In recent years, there has been a new, unwelcomed trend haunting retail stores: organized retail crime (ORC). It refers to large-scale, organized shoplifting, cargo theft, ecommerce cyber-attacks, fraud, and other professionally orchestrated crimes against retailers. ORC is costly, difficult to detect, and highly organized—and erodes shopper trust.
In this ultimate guide to ORC, we will examine exactly what it is, how it is different from regular theft, what the ORC industry looks like in 2023, and ways that you can prevent ORC in your business.
How Organized Retail Crime Works
ORC is carried out by professional criminal groups that resell the stolen goods for a profit in black markets, in flea markets, or to other retailers.
Organized retail theft or crime can take the form of fraudulent credit cards to buy goods that will never be paid for, robbing cargo ships and trains, stealing from stores openly in groups, barcode swapping, and other organized acts of theft or fraud against retailers.
Organized Retail Crime vs Shoplifting
While organized crime and shoplifting are related—both involve taking retail products without paying for them—they are not the same thing. Shoplifting can be an off-the-cuff action taken by an individual. ORC involves advance planning and a larger group entity. Additionally, ORC implies that the stolen goods will go on to be resold, whereas shoplifting does not.
For example, say a group of people come together and make a plan to rob a store in their area, including what they will steal, how they will surpass security, and to whom they will sell the products afterward. As this scheme involves a group, premeditation, and intent to sell the stolen goods after the fact, this is a case of organized crime and not petty theft or shoplifting.
Organized Retail Crime in 2023: Key Statistics
In recent years, organized retail crime has become a much more prevalent issue for retail businesses large and small. Across the retail industry, ORC costs retailers an average of $700,000 per $1 billion in sales, and more than 56% of small businesses reported being victims of ORC in 2021.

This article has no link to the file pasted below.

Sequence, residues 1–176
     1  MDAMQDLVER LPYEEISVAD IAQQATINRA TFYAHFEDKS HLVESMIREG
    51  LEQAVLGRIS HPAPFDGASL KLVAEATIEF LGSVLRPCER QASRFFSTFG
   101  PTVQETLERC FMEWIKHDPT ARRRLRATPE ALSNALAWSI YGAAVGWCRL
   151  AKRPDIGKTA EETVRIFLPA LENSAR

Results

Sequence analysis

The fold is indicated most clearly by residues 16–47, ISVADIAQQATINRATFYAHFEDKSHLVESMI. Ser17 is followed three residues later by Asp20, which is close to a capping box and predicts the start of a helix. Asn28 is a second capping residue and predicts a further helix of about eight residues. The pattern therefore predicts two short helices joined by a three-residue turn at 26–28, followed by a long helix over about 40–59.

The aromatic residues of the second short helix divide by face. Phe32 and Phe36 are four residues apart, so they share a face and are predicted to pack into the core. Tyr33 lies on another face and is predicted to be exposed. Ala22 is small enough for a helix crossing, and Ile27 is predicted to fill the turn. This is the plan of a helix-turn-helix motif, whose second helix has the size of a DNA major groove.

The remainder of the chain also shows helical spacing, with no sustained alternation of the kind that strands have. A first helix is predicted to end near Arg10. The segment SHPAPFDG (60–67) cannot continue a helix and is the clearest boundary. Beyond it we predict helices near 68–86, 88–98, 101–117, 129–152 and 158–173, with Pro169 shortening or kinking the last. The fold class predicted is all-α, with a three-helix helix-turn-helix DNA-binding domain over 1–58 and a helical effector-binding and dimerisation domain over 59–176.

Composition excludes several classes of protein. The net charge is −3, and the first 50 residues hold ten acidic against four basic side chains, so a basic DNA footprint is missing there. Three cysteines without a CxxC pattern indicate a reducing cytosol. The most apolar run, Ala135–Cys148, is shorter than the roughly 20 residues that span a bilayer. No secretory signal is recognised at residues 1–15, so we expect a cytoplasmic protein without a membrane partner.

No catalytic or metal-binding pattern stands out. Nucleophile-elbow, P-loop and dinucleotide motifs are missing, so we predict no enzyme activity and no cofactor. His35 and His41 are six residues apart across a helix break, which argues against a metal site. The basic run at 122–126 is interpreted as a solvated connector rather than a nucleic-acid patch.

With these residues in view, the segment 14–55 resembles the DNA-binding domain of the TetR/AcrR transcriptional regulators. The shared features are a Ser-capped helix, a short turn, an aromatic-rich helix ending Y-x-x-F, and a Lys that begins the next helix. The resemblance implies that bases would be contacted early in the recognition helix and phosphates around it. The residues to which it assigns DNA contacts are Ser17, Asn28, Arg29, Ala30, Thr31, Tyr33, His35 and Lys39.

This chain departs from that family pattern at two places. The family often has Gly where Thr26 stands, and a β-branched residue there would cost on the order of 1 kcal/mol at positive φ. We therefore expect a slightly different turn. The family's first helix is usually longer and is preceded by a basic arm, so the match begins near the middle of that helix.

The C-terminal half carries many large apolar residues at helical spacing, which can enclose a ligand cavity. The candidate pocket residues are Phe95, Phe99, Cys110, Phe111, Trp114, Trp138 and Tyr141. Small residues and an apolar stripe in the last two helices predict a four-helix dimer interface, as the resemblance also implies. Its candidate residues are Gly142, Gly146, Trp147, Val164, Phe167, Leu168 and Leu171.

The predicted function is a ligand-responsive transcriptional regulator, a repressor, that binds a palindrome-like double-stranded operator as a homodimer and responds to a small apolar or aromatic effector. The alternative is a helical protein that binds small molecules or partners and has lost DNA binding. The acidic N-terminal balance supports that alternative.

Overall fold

To combat this, 78% of retailers say that mitigating organized retail crime is more of a priority in 2023 than it was just a year ago. Between 2020 and 2021, the value of products lost to organized retail theft grew by $21.6 billion, with the average incident valued at $243 within the same period.
Retailers want the government to take action against organized crime. 72% of retailers reported that there was an increase in the average value of items stolen per incident in areas that increased felony thresholds. Additionally, 67% reported an increase in repeat offenders in areas that have reduced or eliminated cash bail for ORC offenses.
To make matters worse, organized retail crime isn’t just becoming more prevalent, it’s also becoming more violent. In 2022, 81% of retailers reported that ORC offenders had grown more violent since 2021. That number compounded in 2023, with more than two-thirds (67%) of retailers saying that they were seeing even more violence and aggression from ORC perpetrators compared with 2022. This claim is further substantiated by another survey where 75.9% of respondents reported that ORC had resulted in the physical assault of an employee in the last year.
While some retailers are waiting on legislation to help protect their stores, many have already taken action of their own. Forty-five percent of retailers have reduced their store hours, 30% have removed some products from shelves, and 28% have had to close store locations. Additionally, 52% of retailers have increased their retail security budget this year so they can invest in new technologies.
In the news: In June 2023, the INFORM Consumers Act went into effect. The act is designed to make it harder for ORC groups to resell stolen goods on online marketplaces by requiring online sellers to collect, verify, and disclose certain information about their products.
Of those that retailers have adopted new retail security tech in the past years, the top 10 most effective solutions are cited as:
- CCTV and video systems
- Locking cases, lock boxes, and cages
- Exception-based reporting systems/program
- Loss prevention (LP) staffing
- Enhanced, upgraded or integrated CCTV systems
- Off-duty officers
- Automatic pushout prevention systems
- Computer-based or virtual training for employees
- Awareness campaigns for employees
- Collaboration with retail partners, law enforcement and prosecutors
Did you know? In 2020, retail crime resulted in $125.7 billion in lost economic activity and 685,375 fewer retail jobs.
Impacts of Organized Retail Crime
As you might have gleaned, organized retail theft and crime causes massive losses in profits, but the effects go much deeper than just dollars and cents. Here is a comprehensive list of how ORC impacts retail businesses and why you should care.
- Higher employee turnover: It can become more difficult to retain staff if they feel unsafe—especially as perpetrators become more aggressive.